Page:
Bonum Certa Men Certa

Attributing Negligible Differences to Whatever Suits the Loudest Opponents of the Patent Trial and Appeal Board (PTAB)

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Summary: The U.S. Patent and Trademark Office (USPTO) has limited/restricted patent grants based on 35 U.S.C. ۤ 101, adding to a number of factors which contribute to statistics in litigation and appeals; but the anti-PTAB lobby wants us to believe that there's a resurgence for patent maximalism (the very opposite of what's really happening)

THE ANTI-PTAB lobby we've just mentioned is hoping that the USPTO rather than patent courts will somehow end PTAB. They think that the USPTO should just castrate itself. As if patent quality should not matter anymore...



But that's not going to work. They rely on Iancu becoming so obviously a 'mole' of the patent microcosm -- a move that would likely be career suicide for him. Signed by Joff Wild, Richard Lloyd, Jacob Schindler, Bing Zhao and Adam Houldsworth (i.e. almost everyone at IAM) was this article which speaks of "electrifying opening keynote address by USPTO Director Andrei Iancu," whom it lobbies to help IAM's clients, the patent trolls and thugs. It's too revealing. Here is Watchtroll with the headline "Iancu: More 101 Guidance and PTAB Reforms Coming Soon", preceding or coinciding with Dennis Crouch's post that said: "Under Dir. Iancu, the USPTO appears to be moving away from eligibility rejections. The chart below shows that the past year about 8% of all examiner rejections were eligibility rejections. Over the past three months, that statistic has dropped to about 6.6%. During that time, the PTO has officially changed its approach via the Berkheimer memo, and Dir. Iancu’s leadership lends authority to the Office’s approach to broader eligibility."

"Half a year after Berkheimer we have still not seen any profound impact."Like we said some days ago, that's a very minor difference that can be attributed to all sorts of things. Charles Bieneman, on the face of it, is still 'pulling a Berkheimer' (also coined "Berkheimer Effect" by his site). There has been so solid evidence of it. Here is what he wrote: "Turning first to the first prong of the Alice patent-eligibility test, the court considered the defendant’s argument that the claim “boils down to . . . functional results” of receiving and testing a packet, that was forwarded for further tests if it passed, and dropped if it failed. According to the defendant, the claim was analogous “to a human resources manager receiving a job application, checking if there are open positions, and dropping the application if not, but checking further for requisite training or experience if so.” The court agreed with the defendant that the claim was directed to an abstract idea, noting that the plaintiff’s own description of the claim described an abstract concept, “organizing security tests into an information sharing hierarchy.”"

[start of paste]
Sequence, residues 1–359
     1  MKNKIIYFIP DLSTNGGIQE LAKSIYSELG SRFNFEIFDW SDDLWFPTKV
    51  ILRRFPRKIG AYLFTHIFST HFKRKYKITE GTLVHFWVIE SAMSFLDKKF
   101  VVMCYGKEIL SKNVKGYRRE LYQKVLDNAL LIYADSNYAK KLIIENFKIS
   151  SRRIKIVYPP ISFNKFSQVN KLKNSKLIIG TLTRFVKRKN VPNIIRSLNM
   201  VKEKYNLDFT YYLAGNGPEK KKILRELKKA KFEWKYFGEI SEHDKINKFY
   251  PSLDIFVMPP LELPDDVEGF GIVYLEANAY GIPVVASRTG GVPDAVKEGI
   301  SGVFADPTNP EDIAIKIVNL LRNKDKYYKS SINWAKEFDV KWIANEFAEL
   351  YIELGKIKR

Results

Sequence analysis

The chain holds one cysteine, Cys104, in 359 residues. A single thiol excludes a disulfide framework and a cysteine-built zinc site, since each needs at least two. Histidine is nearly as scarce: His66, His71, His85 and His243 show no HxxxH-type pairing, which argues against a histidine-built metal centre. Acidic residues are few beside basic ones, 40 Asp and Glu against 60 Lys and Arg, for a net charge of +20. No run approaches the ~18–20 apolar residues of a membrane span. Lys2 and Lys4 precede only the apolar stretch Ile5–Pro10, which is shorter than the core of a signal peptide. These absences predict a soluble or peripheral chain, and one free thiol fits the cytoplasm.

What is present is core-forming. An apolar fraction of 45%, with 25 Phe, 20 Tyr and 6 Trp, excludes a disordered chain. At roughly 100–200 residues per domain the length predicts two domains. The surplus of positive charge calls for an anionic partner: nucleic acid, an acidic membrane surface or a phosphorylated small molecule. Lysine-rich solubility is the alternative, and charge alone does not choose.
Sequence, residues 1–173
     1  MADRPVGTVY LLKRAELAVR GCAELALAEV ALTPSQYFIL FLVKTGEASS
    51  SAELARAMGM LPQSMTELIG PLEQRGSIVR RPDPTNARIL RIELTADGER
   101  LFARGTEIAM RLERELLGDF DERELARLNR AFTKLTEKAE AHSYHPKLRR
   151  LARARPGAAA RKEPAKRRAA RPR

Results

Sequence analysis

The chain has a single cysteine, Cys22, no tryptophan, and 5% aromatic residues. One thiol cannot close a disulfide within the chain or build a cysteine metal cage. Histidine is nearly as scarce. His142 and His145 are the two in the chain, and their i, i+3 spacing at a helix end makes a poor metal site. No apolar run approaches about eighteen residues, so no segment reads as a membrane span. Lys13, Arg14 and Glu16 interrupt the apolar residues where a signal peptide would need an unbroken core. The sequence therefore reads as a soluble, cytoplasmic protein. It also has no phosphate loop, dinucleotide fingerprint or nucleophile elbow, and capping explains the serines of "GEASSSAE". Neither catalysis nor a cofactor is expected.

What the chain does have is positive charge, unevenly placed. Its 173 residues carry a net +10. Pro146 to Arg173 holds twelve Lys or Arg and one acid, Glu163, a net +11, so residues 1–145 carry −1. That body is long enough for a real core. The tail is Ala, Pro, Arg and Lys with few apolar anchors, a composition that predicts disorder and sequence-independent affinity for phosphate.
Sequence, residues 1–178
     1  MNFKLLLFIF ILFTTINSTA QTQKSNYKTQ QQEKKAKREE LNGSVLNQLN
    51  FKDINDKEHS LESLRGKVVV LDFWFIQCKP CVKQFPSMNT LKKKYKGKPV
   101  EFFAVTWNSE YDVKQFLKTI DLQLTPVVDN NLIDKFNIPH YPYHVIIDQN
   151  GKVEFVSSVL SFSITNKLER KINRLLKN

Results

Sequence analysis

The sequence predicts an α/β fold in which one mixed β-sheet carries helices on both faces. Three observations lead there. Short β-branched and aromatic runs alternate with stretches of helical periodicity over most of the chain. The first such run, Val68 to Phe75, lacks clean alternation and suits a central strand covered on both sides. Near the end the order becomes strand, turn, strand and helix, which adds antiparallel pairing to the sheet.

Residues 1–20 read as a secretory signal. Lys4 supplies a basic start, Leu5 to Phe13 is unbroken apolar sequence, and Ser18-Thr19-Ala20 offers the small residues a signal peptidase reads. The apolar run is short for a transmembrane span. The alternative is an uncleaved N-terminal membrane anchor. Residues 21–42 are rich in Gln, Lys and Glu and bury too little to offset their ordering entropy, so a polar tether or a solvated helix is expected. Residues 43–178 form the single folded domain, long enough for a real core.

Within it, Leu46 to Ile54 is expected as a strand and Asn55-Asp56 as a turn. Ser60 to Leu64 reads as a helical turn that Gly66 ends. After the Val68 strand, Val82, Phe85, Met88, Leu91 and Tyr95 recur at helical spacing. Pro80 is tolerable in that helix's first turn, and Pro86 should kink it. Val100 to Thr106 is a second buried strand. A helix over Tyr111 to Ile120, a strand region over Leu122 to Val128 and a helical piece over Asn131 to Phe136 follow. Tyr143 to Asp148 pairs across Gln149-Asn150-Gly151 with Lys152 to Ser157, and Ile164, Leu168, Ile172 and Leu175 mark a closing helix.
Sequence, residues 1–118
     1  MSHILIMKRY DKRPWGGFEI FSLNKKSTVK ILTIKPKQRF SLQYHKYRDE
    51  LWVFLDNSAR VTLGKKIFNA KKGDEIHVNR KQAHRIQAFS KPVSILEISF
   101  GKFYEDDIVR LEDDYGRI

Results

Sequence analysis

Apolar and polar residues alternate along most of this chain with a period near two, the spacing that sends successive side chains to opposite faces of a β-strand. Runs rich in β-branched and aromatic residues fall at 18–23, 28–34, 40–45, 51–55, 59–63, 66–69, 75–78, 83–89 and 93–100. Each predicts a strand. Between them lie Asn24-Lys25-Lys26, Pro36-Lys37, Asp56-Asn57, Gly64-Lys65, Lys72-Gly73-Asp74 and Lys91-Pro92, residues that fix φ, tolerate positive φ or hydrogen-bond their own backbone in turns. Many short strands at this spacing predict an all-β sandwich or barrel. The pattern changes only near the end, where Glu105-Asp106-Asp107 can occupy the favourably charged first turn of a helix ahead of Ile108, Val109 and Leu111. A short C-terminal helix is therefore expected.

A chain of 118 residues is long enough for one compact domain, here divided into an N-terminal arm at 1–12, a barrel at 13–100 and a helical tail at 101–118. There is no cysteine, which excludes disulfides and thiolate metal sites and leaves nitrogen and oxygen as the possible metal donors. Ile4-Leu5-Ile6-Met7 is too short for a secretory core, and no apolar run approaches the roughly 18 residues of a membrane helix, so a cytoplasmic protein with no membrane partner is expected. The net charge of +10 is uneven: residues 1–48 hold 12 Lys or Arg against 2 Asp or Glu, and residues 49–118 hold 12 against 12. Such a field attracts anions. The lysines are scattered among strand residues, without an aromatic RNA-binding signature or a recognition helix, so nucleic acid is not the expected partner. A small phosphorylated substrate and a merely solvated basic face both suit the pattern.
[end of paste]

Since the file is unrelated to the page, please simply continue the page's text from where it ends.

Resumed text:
Half a year after Berkheimer we have still not seen any profound impact. The law firms made false predictions, hoping to (mis)use such predictions to attract business. Here's the other post he made last month (he slowed down considerably by the way). Bieneman should not promote the idea that granted US patents deserve the "Presumption of Patent Validity", especially those granted before Alice and Mayo, but here is what he wrote:

A plaintiff seeking to enforce patents claiming automated methods for uploading multimedia content was ordered to pay defendants’ attorney fees based on a finding of an “exceptional case” under U.S.C. €§ 285. Cellspin Soft, Inc. v. Fitbit, Inc., No. 4:17-CV-5928-YGR (N.D. Cal. July 6, 2018). The court had previously granted motions to dismiss because claims of U.S. Patent Nos. 8,738,794; 8,892,752; 9,749,847; and 9,258,698 were not patent eligible under 35 U.S.C. €§ 101 and the Alice/Mayo test. Relying on Inventor Holdings, LLC v. Bed Bath & Beyond Inc. (Fed. Cir. 2017), the court found the case exceptional because the claims were not only “manifestly directed to an abstract idea,” but, unlike the Inventors Holdings litigation, were sought to be enforced after a lot of post-Alice precedent should have made clear that the claims were patent-ineligible.


PTAB has served to demonstrate that many US patents now deserve the presumption of invalidity. Patent quality seems to be improving, but a lot of patents which haven't yet expired are still around and only few of these (a tiny proportion of the whole) were tested in court.

"Patent quality seems to be improving, but a lot of patents which haven't yet expired are still around and only few of these (a tiny proportion of the whole) were tested in court."Now watch the spin about PTAB, citing a very minor difference, albeit in a direction that suits Michael Loney's agenda (so he won't treat is as an anomaly or something almost negligible). To quote:

The Patent Trial and Appeal Board’s institution rate was 58.4% in the first two calendar months after the Supreme Court ended the practice of partial institution – down from the 2018 fiscal year rate of 62% up to the end of April

The initial effect of the Supreme Court’s SAS Institute v Iancu decision has been to push down the institution rate of petitions at the Patent Trial and Appeal Board (PTAB).


But Iancu has only been there for a few months. He has barely even changed any rules (proposals at best). All the above seems like leap of faith from Dennis Crouch et al. The difference is also minor and overlooks the fact many no longer bother applying for patents with abstract stuff in them. The same goes for litigation. Only the 'stronger' cases end up before a court. That's just expected. It's their risk analysis.

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